11 Introduction cloud. The security recommendations presented in this white paper constitute a framework for addressing the Cloud Computing areas that the BSI feels are critical. When a CSP is considering the risk factors, they usually face the challenge of not knowing in advance the value or the protection requirement of the customer s data. One solution would be to offer a high or very high protection level for all customers and their data. Experience shows, however, that this is too expensive for data with a normal protection requirement. CSPs should address the issue of information security with their customers at an early stage. Information security is one of the main decision-making criteria that customers have when selecting cloud service providers and specific cloud services. So CSPs should demonstrate to their customers how well they are set up in terms of information security. This includes showing their customers which security measures are a standard part of their offerings and are available as options, but they also need to point out to customers which security measures they themselves need to take. 1.5 Defining the scope of the BSI security recommendations The focus of this document is on security issues in the cloud-based processing of information with a normal to high protection requirement, e.g. confidential company and personal data worthy of protection. The specifying of the protection requirement is based on the protection requirement categories as defined in IT-Grundschutz (see BSI standard [1]). This document does not explicitly examine the protecting of data that has been rated as national classified information. Being the core values that need to be protected, confidentiality and availability are the priorities when drawing up these guidelines. Therefore the security recommendations are divided into availability and confidentiality, while integrity as a core value is not given specific consideration. The security recommendations provided are assigned to three categories: 10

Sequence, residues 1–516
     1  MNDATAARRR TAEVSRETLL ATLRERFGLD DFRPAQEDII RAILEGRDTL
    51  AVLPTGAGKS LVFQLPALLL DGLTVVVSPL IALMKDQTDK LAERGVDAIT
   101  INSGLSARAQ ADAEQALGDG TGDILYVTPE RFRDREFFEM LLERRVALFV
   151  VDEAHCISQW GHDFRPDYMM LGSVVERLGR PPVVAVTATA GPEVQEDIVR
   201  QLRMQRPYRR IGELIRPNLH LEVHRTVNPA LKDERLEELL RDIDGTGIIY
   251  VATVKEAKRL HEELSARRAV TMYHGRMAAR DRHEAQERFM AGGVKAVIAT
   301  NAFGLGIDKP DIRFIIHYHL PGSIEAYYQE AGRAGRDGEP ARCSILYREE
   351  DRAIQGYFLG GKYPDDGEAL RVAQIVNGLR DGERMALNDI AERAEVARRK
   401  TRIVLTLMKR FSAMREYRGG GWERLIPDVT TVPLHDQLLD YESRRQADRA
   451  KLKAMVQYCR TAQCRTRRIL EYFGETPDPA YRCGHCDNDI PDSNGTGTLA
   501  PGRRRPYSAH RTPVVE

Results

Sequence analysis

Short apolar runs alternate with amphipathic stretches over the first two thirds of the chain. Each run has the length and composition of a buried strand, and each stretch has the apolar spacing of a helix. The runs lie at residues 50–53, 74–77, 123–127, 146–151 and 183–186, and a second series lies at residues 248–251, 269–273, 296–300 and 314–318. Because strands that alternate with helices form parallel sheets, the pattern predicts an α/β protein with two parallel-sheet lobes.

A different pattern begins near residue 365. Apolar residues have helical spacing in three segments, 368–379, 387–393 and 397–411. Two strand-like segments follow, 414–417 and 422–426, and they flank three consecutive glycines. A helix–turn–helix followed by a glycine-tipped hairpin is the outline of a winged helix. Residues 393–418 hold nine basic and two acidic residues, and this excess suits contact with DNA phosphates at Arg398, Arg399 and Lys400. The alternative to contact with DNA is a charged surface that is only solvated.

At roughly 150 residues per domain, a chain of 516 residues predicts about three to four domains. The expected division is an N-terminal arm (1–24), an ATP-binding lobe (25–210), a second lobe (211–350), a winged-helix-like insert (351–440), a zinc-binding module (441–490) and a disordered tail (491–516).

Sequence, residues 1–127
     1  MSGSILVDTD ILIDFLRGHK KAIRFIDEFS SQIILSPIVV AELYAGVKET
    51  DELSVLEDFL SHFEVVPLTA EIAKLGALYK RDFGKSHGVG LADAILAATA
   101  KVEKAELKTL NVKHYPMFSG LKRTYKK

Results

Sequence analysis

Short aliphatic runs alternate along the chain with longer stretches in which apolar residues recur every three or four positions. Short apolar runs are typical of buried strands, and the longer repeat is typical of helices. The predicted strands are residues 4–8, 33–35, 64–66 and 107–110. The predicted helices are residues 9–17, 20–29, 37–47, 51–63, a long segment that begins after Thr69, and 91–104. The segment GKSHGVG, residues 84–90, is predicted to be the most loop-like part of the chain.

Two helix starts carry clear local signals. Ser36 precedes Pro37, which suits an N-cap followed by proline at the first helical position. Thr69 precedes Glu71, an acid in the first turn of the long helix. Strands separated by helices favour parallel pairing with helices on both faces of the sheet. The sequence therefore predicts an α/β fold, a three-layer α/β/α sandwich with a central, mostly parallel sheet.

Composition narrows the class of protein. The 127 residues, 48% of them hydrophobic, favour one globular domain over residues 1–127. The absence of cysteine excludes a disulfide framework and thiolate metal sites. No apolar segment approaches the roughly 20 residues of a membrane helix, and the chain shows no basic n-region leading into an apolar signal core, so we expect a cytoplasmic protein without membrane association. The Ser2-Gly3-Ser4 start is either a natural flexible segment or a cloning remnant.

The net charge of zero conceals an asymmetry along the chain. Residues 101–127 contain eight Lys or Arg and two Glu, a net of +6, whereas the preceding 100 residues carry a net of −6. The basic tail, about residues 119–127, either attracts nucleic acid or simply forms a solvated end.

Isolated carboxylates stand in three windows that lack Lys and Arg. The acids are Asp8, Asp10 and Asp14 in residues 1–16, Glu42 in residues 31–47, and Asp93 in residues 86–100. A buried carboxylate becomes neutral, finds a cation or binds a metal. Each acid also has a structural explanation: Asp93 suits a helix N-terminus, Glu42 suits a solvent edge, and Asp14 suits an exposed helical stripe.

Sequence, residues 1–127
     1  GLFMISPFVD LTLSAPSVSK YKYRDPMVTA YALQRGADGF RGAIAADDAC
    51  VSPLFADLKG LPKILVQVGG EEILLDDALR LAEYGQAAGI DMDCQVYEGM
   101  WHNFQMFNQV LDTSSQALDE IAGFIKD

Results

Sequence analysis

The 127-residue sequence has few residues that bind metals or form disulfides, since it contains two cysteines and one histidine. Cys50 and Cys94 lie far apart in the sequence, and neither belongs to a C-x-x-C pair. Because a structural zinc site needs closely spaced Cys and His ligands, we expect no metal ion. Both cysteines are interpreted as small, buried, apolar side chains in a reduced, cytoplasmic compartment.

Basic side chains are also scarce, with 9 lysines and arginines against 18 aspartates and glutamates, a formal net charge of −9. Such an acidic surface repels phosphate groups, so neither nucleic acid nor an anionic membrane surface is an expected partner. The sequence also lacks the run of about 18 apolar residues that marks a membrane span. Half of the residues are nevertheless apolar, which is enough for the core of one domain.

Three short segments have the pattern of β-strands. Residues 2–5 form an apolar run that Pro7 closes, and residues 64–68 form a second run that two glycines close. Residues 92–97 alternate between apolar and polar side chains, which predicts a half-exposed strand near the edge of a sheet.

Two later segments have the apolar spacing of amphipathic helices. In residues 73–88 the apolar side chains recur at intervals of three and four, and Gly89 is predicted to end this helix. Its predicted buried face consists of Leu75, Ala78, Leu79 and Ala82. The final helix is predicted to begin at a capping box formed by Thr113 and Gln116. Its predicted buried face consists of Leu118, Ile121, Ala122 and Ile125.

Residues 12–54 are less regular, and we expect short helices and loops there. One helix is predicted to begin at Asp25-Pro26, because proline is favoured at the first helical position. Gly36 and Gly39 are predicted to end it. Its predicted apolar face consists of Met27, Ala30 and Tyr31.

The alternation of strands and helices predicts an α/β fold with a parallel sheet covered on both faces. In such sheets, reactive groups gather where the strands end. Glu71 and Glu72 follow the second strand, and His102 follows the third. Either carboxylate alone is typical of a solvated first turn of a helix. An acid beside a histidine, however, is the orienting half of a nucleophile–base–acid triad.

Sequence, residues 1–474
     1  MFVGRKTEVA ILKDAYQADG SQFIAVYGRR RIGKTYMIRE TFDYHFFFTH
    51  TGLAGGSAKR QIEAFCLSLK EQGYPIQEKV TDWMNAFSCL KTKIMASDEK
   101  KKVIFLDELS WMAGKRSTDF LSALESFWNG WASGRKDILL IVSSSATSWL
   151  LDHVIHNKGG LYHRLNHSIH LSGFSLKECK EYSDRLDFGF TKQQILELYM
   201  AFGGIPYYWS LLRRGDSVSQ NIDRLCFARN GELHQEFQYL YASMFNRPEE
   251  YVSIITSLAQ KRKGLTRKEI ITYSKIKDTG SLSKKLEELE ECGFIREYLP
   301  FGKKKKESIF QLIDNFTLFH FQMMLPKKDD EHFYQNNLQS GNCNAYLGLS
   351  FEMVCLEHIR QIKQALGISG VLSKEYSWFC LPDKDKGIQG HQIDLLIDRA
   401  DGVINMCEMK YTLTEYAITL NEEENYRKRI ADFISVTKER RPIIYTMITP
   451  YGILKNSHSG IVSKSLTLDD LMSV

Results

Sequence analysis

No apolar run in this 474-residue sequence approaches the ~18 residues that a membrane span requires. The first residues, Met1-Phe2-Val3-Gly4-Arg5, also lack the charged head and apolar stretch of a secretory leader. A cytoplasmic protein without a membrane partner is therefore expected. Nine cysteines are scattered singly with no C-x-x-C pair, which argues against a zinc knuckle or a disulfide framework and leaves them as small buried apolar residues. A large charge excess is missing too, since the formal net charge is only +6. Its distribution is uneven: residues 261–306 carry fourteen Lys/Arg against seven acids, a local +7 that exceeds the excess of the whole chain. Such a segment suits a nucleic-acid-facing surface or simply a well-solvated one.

12 Introduction Category B (=basic requirement) includes those requirements which are basic for all cloud service providers. Category C+ (=high confidentiality) includes additional requirements where data with a high protection requirement in terms of confidentiality is to be processed. Category A+ (=high availability) includes additional requirements where services with a high protection requirement in terms of availability are to be considered. In the tables that provide an overview of the security requirements in the various areas, there are also arrows showing how the BSI rates the threat level in each area for private and public clouds. A right-pointing arrow () indicates an average threat level, while an upward-pointing arrow () indicates a high threat level. All the requirements listed apply to IaaS, PaaS and SaaS unless otherwise indicated. Given the dynamic developments in the area of Cloud Computing, the security recommendations listed below will also need to be regularly reviewed and adjusted, and additional requirements may need to be added. Updated versions of this white paper will be published on the BSI s web server bund.de. 11